We respond to sensory stimuli in so many different ways. Every body makes different associations with art or music.

Taking my mum and aunt as examples, if you connected their brains to each others nervous systems they might see red as blue and associate heat with the colour blue. It would be a pretty grisly experiment and I think the three of us prefer things as they are.

But what interests me as a writer is the connections different words can provoke in different people. How about this series of words.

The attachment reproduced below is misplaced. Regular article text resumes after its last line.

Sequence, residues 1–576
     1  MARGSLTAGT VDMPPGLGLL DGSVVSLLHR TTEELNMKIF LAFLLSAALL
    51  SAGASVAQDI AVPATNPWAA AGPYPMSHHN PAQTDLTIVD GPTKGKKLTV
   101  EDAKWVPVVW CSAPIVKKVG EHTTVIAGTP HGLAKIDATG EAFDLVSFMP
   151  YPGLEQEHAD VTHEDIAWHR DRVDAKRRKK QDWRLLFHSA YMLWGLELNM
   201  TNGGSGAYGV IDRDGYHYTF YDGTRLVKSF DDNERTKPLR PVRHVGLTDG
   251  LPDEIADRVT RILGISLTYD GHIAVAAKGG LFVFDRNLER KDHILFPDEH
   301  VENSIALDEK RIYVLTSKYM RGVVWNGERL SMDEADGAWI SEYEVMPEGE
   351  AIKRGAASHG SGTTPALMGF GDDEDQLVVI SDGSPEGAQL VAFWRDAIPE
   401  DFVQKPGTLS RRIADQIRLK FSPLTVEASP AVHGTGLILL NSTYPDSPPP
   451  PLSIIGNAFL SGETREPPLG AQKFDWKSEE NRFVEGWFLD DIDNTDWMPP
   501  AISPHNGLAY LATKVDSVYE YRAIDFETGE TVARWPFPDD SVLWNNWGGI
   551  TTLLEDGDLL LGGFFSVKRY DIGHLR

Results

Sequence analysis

"In the lands of the North, where the Black Rocks stand guard against the cold sea, in the dark night that is very long the Men of the Northlands sit by their great log fires and they tell a tale..."

Some of you will recognise this as the introduction to Noggin the Nog. Even if you don't I bet you've snuggled down for a story. You might even be conjuring up images of the Black Rocks and the great halls where the people have come to gather around their log fires.

That's the sort of mass connection I'd like to get across. The ultimate would be to get across to my readers the feelings I get when I look upon something, be it a car, bike, a landscape or a person. I like my synesthesia and leaky connections so much I want to share them with you.